All statistical analyses were performed using R statistical software version 3.0.2 (R Foundation for Statistical Computing, Vienna, Austria). Data for end points that were not normally distributed were transformed (base 10 logarithmic). The number of preantral follicles and follicle density per ovarian fragment within the same reproductive phase (anestrous or diestrous) and side ovary (left or right) were compared by Kruskal-Wallis test, and among reproductive phases and side ovary by Wilcoxon-Mann-Whitney test. The follicle class distribution and the percentage of normal preantral follicles among reproductive phases were analyzed by chi-square test and G-test. Wilcoxon-Mann-Whitney test was used to compare the stromal cell density and area of the ovarian structures among the reproductive phases and side ovary. In addition, the former test was used to analyze the number of preantral follicles, follicle density, and stromal cell density in biopsy fragments harvested from ovaries with antral follicles and corpus luteum. Correlations between the number of preantral follicles and follicle density with stromal cell density, and among the number of preantral follicles, follicle density and stromal cell density with the area of ovarian structures were estimated by Spearman correlation analysis. Data are presented as mean ± SEM, unless otherwise stated. A probability of P < 0.05 indicated that a difference was significant, and P > 0.05 and ≤ 0.1 indicated that a difference approached significance.

Results

Ovarian biopsy fragments

A total of 142 ovarian fragments were collected by the biopsy pick-up method (mean, 3.7 fragments per ovary in each reproductive phase) and 13,462 histological sections were evaluated. Overall, 1,493 preantral follicles were recorded with a mean of 10.5 ± 1.7 follicles per ovarian fragment [range, 0 to 165; mean coefficient of variation (CV) = 195%]. No adverse effects were observed in the mares’ cyclicity or general reproductive health after any procedure.

Effect of reproductive phase on preantral follicle density

The mean follicle density was 2.7 follicles per cm2 (range, 0 to 39; CV = 214%) and differed (P < 0.05) among mares (Table 1). This parameter varied within the same mare in different reproductive phases and in the overall mean a higher (P < 0.05) follicle density was observed in the diestrous when compared with the anestrous phase. Data of follicle density related to the ovary side (left and right) in different reproductive phases are shown (Table 2). Regardless of reproductive phase, the overall mean follicle density was greater (P < 0.05) in the right ovary. Furthermore, there was an increase (P < 0.05) in the overall mean follicle density in the diestrous phase for both ovary sides.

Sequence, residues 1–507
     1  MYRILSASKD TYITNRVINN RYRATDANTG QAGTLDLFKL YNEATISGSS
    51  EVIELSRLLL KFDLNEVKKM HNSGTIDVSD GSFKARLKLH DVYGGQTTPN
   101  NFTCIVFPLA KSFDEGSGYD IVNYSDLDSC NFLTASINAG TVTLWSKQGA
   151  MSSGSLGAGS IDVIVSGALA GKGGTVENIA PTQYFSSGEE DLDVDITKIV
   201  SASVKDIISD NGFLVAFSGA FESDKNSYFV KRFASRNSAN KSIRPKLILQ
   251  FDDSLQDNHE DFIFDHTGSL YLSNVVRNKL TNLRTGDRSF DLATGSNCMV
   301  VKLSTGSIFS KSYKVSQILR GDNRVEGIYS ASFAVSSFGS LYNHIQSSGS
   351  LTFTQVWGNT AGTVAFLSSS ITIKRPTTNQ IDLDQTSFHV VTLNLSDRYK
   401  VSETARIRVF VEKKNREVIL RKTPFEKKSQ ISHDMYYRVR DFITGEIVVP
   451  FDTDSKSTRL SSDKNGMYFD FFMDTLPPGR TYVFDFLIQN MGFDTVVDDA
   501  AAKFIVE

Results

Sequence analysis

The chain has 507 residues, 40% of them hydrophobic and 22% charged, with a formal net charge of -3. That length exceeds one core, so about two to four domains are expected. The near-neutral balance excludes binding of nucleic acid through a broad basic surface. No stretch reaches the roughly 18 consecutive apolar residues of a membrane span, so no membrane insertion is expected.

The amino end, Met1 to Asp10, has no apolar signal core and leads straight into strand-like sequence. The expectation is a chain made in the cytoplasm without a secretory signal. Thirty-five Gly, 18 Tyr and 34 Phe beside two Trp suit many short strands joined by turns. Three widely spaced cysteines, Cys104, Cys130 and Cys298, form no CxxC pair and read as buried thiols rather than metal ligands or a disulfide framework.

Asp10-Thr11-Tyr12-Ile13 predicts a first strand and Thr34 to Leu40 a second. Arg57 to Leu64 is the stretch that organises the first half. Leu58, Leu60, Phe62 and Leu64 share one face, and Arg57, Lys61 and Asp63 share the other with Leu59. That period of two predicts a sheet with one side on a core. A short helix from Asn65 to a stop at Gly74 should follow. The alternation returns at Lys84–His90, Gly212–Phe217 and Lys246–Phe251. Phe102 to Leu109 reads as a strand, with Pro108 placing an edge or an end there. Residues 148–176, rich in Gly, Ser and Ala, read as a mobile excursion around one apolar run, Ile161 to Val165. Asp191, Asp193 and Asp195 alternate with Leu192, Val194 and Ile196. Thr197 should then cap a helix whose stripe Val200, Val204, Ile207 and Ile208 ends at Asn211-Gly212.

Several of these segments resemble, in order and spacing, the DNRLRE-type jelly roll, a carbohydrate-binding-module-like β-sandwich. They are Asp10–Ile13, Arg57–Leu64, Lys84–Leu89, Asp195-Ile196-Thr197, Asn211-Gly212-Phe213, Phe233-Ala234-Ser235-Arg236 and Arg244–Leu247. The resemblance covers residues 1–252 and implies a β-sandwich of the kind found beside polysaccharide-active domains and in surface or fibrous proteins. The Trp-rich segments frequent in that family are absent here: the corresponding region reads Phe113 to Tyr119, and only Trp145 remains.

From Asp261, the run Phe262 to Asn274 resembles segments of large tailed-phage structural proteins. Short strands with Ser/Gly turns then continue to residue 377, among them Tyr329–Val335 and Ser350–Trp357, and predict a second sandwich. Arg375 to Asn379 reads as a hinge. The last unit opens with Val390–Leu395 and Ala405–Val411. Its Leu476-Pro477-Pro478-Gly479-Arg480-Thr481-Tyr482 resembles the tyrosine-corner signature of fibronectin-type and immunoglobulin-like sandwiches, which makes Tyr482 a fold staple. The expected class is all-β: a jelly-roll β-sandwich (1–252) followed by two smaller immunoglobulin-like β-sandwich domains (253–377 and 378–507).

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Table 1. Mean (± SEM) density of equine preantral follicles in ovarian biopsy fragments collected during anestrous and diestrous phases.

https://doi.org/10.1371/journal.pone.0149693.t001

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Table 2. Mean (± SEM) density of equine preantral follicles in ovarian biopsy fragments collected from left and right ovaries in anestrous and diestrous phases.

https://doi.org/10.1371/journal.pone.0149693.t002

The mean number of preantral follicles recorded per ovarian fragment during the anestrous and diestrous phases is shown (Table 3). The overall mean was similar among reproductive phases (P > 0.05), and among mares within the same phase a higher variability was observed (P < 0.05). Regardless of reproductive phase, no difference (P > 0.05) was observed for the number of preantral follicles between the left and right ovaries, but once again there was heterogeneity among animals and ovaries of the same animal (Table 4).

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Table 3. Mean (± SEM) number of equine preantral follicles in ovarian biopsy fragments collected during anestrous and diestrous phases.

https://doi.org/10.1371/journal.pone.0149693.t003

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Table 4. Mean (± SEM) number of equine preantral follicles in ovarian biopsy fragments collected from left and right ovaries in anestrous and diestrous phases.

https://doi.org/10.1371/journal.pone.0149693.t004

Effect of reproductive phase on preantral follicle class distribution and quality

The distribution of preantral follicle population was 85.3% primordial, 13.1% transitional, 1.4% primary, and 0.13% secondary. The percentage of primordial follicles was higher (P < 0.05) in the anestrous compared to the diestrous phase. In contrast, the proportion of growing follicles (transitional, P < 0.05; primary, P < 0.09) was higher in the diestrous phase (Fig 1).

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Fig 1. Mean (± SEM) percentage of equine preantral follicles according to class distribution in ovarian biopsy fragments collected during anestrous and diestrous phases.

a,b Within the same follicle class, values without a common letter differed (P < 0.05). Tended to differ from transitional follicles during the same phase (P < 0.09).